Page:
It should be clear by now that my understanding of talk is, like my adopted conception of interface, expansive. I conceive of talk as a communicational technology with its own forms, affordances, and “imagined affordances.”7,8,9,10 In a basic sense and as I indicate above, talk is often defined by what speech is not: writing. Such a definition brings with it a number of associated characteristics: speech as authentic, ephemeral, informal, face-to-face, spontaneous, and unmediated. Such stereotypes rarely hold; however, they work collectively to position speech itself as retaining certain affordances – cultural and technological.

I define talk both more narrowly and as containing broader affordances than speech. Narrowly, talk is speech with an additional interactivity implied. This qualification enables talk to retain speech’s affordances, while also opening it up to wider cultural significance. Talk’s orientation towards interactivity encourages us to think about the work that it can do, whether as a form of communication; a process of subject constitution; performative, operative or executable language; a representational or creative process.11 Our cultural understandings of talk are therefore inextricable from foundational assumptions about the nature, expression, and function of the body politic, the public sphere, and the individual in Western cultures since the sixteenth century. My point then is that talk is a technology that historically has made things happen; it has been peculiarly executable.

Today talk is a technology that continues to do things; but what talk does and what a talking interface does are not equivalent. Talking to Siri is, in significant ways, not the same as talking to a person. As often as the process is irritating, surprising, amusing, or banal, interacting via a talking interface reveals the limitations of talk as it is currently conceived within digital technologies. We might point to technical limitations – trouble with accent, a query without a response, a conversational loop accidentally entered, or a metaphor taken literally. We might also point to contextual problems – dialect, idiom, deixis, or phatic speech misunderstood (or, sometimes more annoyingly, aped), cultural norms broken, a register or tone mismatch.12

But it is more than that. It is notably less satisfying talking with Siri or Alexa than with a person with limited language skills or a lack of shared cultural knowledge. Talking to a conversational agent distorts some of talk’s affordances just as it amplifies others.

Granted, talk’s affordances, perceived and actual, have shifted in changing media ecologies. Since the late nineteenth century, with the advent of recording and broadcast technologies, such as the gramophone, radio, film, and television, talk has not been limited to being a face-to-face, ephemeral communicative strategy. I have examined some of the implications of this through the lens of interviews – an inscription technology and form that arose in the late nineteenth century and fundamentally altered our understanding of talk’s affordances – in my book Literature and the Rise of the Interview.13 The import of this and other analog talking interfaces for our understandings of talk and, through it, subjectivity, interpersonal relations, the operations of the public sphere, and democracy have been extensively debated.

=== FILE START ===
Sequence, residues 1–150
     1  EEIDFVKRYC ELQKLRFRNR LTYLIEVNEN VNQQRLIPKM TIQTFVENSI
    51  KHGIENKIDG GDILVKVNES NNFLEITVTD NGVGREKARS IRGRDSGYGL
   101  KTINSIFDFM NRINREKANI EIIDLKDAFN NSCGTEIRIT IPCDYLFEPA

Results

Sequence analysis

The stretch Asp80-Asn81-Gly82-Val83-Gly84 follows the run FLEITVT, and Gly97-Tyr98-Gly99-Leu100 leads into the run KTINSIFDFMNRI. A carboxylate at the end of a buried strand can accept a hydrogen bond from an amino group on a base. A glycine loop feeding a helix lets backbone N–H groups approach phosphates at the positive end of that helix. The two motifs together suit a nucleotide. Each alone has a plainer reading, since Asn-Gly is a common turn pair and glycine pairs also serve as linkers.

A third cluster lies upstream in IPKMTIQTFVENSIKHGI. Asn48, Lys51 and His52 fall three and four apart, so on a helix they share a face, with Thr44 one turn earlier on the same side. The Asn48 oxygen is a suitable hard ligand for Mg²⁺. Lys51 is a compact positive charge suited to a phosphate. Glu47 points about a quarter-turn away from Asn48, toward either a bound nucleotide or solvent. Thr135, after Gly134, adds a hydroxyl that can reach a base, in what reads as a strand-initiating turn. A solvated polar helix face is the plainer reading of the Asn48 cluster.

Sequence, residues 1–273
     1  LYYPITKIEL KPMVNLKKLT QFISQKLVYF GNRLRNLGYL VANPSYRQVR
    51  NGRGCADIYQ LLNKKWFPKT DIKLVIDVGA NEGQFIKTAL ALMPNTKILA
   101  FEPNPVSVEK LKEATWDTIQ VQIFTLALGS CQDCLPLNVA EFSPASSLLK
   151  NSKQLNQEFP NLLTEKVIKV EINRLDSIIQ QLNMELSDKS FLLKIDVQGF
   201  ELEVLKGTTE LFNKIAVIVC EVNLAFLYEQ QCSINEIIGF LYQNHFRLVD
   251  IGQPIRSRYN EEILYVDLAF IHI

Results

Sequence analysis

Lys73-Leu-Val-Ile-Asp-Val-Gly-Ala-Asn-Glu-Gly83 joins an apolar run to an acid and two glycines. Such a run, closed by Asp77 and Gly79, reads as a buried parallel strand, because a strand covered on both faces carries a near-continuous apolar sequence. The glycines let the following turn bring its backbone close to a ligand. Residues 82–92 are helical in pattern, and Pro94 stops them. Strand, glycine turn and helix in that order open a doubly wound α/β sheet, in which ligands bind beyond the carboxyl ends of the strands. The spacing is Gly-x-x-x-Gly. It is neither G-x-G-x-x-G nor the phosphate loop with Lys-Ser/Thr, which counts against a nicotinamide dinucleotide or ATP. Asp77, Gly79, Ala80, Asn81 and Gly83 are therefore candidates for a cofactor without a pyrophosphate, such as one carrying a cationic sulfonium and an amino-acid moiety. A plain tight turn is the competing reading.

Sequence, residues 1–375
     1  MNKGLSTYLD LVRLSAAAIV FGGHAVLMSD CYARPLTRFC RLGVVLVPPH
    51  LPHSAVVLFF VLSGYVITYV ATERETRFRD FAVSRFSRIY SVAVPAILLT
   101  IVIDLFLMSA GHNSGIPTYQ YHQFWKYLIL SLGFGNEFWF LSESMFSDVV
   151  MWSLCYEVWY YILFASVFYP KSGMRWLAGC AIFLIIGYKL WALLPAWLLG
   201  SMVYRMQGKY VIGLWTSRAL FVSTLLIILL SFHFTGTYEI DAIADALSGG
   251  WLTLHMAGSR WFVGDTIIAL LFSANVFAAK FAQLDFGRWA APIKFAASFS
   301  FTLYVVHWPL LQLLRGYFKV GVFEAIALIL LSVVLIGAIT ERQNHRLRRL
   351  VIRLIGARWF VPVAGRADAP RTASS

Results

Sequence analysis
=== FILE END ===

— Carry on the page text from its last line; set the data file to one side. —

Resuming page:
For scholars of literature and life writing such as myself, talk has particular methodological interest: long functioning as an important but difficult to archive paratext, talk is now newly capturable, with implications for those disciplines. With conversation no longer ephemeral or the sole remit of human actors, what are the cultural ramifications of this material shift? What is the import for literature’s status itself within this new media ecology? Moreover, given that scholars in these fields have tended to demonstrate discomfort in analyzing collaboratively authored or uttered texts, analyzing talk interfaces brings important questions to the fore: How do we think about the role of interactivity in the meaning-making process? How might we think about interactivity in relation to mediation? How might we productively utilize theories developed in (new) media studies to think about talk and its representation in literature? What are the affordances of conversation? the protocols of talk?

Today’s digital talk interfaces offer a contemporary instantiation of a longer historical trend, but they also seem to upend it in crucial ways that are vital to our understanding of cultural, political, and social lives today. While historically talk has been premised on human-to-human communication, today’s talking interfaces change this dynamic. They introduce the machine as the primary interlocutor. More than this, they have the potential to produce a non-agential subject – the human user or interlocutor – via interactivity that is preprogrammed or enables only what Mark Hansen describes as a “feed forward” subjectivity.14 Given the historical significance of talk as a technology, it is vital that we reflect on the forms of talk interfaces we are building (and who is able to build them and who not). We need to critically examine the effects such interfaces have on our interactions and via them, our ability to constitute subjects and publics, to express, create, execute, and communicate. We need to talk about talk interfaces.

But first, let's talk about Writing Talking Interfaces.


  1. Responding to the common and unhelpful hierarchization of writing and orality in Western thought, Ngũgĩ wa Thiong'o promotes the concept of “orature,” an oral system of aesthetics with no hierarchical relationship to literature and notes, “The language of cyberspace may borrow the language of orality, twitter, chat rooms, we-have-been-talking when they mean we-have-been-texting, or chatting through writing emails, but it is orality mediated by writing. It is neither one nor the other. It’s both. It’s cyborality.” Ngũgĩ wa Thiongʾo, Globalectics: Theory and the Politics of Knowing, Wellek Library Lecture Series at the University of California, Irvine (New York: Columbia University Press, 2012). 84.